An approach to enhancing nutrition security with safe vegetables and fruits in Bangladesh (Background note)


This report was created to provide background for a consultation workshop focused on approaches to enhancing nutrition security with safe vegetables and fruits. The workshop was held in August 2011 in Dhaka, Bangladesh.

Even though the nutritional status of children and women in Bangladesh is very poor and needs special attention in order to improve the overall health status of the population, continuing low consumption of fruits and vegetables has been observed. Despite various interventions designed under National Nutrition Program (NNP), the low birth weight, malnutrition, dehydration from diarrhea, continue to be important contributing cause of childhood mortality. The estimated number of deaths due to diarrhea was about 45,000 in 2004 (HNPSP 2008), which can be attributed to food borne illnesses. Although Bangladesh has accomplished food security, household nutrition security will depend upon the per capita consumption of balanced nutritious food. It is essential that resource poor communities secure affordable and safe food that is nutritionally rich. Even with requisite quantum of production at the farm gate, the nutrition security can be seriously impacted if the food produced is not safe to be consumed or treated for post harvest processing needs. Horticultural interventions to enhance food safety at farm level combined with extensive nutrition and food safety education can offer a long‐term food‐based strategy to control and eliminate micronutrient malnutrition in the resource poor people. Horticultural production is relatively easy for unskilled people and it can play an important role in poverty alleviation programs and food security initiatives by providing work and income opportunities.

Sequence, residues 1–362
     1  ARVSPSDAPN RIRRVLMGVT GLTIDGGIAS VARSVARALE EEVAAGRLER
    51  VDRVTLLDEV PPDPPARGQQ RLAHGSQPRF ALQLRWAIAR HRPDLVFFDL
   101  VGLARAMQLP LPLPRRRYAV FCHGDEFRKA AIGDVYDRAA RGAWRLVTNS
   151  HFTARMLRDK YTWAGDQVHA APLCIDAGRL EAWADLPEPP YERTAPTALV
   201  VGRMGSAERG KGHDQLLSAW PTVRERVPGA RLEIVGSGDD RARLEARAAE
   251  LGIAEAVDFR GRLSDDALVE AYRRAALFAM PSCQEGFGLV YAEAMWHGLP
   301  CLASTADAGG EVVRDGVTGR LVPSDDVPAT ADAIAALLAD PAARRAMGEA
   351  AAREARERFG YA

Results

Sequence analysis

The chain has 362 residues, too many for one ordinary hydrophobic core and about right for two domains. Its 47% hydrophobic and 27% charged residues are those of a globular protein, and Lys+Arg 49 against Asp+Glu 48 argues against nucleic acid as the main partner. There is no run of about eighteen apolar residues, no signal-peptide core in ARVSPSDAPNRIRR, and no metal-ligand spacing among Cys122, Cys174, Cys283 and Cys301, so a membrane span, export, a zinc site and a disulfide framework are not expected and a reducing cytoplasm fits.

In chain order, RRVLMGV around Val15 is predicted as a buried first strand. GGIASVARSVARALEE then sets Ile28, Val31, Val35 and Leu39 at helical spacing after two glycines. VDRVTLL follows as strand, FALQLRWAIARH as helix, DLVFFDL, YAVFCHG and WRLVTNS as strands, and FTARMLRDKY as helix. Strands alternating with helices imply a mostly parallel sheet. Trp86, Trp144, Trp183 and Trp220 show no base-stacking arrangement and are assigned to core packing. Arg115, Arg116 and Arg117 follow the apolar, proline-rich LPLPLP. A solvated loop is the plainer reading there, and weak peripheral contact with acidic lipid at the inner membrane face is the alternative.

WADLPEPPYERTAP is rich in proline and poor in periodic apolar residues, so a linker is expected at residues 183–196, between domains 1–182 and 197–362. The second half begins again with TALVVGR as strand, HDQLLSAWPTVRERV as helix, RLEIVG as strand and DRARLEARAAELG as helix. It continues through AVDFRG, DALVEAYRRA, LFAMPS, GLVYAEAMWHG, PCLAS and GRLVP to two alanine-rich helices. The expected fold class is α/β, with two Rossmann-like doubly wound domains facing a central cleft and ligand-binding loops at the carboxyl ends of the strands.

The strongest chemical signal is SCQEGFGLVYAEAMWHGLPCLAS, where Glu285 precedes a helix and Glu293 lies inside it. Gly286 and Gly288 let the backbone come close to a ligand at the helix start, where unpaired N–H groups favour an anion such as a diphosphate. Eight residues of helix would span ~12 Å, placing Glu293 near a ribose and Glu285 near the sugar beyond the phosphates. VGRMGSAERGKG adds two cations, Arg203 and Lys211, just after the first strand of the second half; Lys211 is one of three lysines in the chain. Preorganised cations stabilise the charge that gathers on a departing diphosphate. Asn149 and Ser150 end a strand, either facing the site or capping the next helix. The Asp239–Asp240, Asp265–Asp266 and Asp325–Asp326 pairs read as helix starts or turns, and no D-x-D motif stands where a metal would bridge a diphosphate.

The government of Bangladesh has identified food safety in horticulture produce as an important area which needs immediate strategic interventions. Bangladesh mission along with other leading regional institutions such as Bangladesh Agriculture Research Institute (BARI) collectively felt the need to address food safety issues in the Bangladesh horticulture sector more seriously and this was shared with the USAID mission through a report. This report highlighted the following seven major areas which require immediate strategic interventions to address the key constraints hindering the growth of the horticulture sector in Bangladesh:

  1. Crop yield improvement
  2. Seed delivery system
  3. Postharvest technology
  4. Food safety and adoption of GAP
  5. Food processing and value addition
  6. Market linkage
  7. Extension education



Value Chain

Food safety Nutrition